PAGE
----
Three issues in both books—just war, masculine sexual violence, and moral injury—resonate with my peace team encounters with war. Through very different approaches, Meagher and Goff offer the best reflection on these concerns that I’ve seen; both rightly implicate the church.
First, just war has a sordid rather than sanctifying history. Meagher’s survey of ancient literature, scripture, and Christian history reveals its legacy as antithetical to Jesus’ teaching: “Since the time of Constantine ... just war doctrine has served to license and legitimize state and ecclesiastical violence and to draw a convenient, if imaginary, line between killing and murder.”
I wonder if Pope Francis knows that he’s being used to justify bombing Syria.
After an all-day debate on Dec. 2, the House of Commons authorized the British government to begin bombing ISIS in Syria. Hours later, RAF Tornadoes attacked an oil field in eastern Syria.
During the debate, Caroline Spelman, the member of parliament who represents the Church of England in the Commons, noted that, “The Archbishop of Canterbury made it clear that, in his view, force might be necessary to keep the refugees safe.”
Then, citing Pope Francis, she said, “‘Where aggression is unjust, aggression is licit against the aggressor.’ These are views which I share, which is why I will support the motion.”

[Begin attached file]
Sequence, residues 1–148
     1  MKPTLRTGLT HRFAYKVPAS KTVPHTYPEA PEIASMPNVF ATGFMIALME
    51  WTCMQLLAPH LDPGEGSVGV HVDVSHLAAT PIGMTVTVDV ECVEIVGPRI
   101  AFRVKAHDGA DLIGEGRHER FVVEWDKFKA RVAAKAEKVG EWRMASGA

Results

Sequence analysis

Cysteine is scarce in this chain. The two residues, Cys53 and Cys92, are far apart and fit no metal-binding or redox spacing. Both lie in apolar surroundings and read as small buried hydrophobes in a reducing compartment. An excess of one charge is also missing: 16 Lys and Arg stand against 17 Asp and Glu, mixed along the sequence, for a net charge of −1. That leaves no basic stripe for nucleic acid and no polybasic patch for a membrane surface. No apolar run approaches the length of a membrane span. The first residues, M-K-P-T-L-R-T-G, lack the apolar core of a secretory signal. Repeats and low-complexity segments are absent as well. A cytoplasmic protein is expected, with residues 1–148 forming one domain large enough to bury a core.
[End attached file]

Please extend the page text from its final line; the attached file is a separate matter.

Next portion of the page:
Yoder became a superstar at the Anabaptist Mennonite Biblical Seminary in Elkhart, Ind., where he taught for 24 years, respected and admired by fellow church members and Christians who were not Mennonite. Yet, at the same time, he was preying on women, many of them his students. A report has revealed a range of sexual offenses, starting in the mid-1970s, as well as the church’s efforts to keep them quiet.
A couple of folks I really respect – Kate Gould of Friends Committee on National Legislation (aka, the Quaker Lobby), and Jim Wallis of Sojourners – were recently on the O’Reilly Factor. For those of you who don’t watch cable news, this is a television program where Bill O’Reilly basically screams at people and incites hatred of anything non-white, non-rich, and non-Republican. I normally don’t watch the show. But when I heard that Kate and Jim were going to be talking, I tuned in.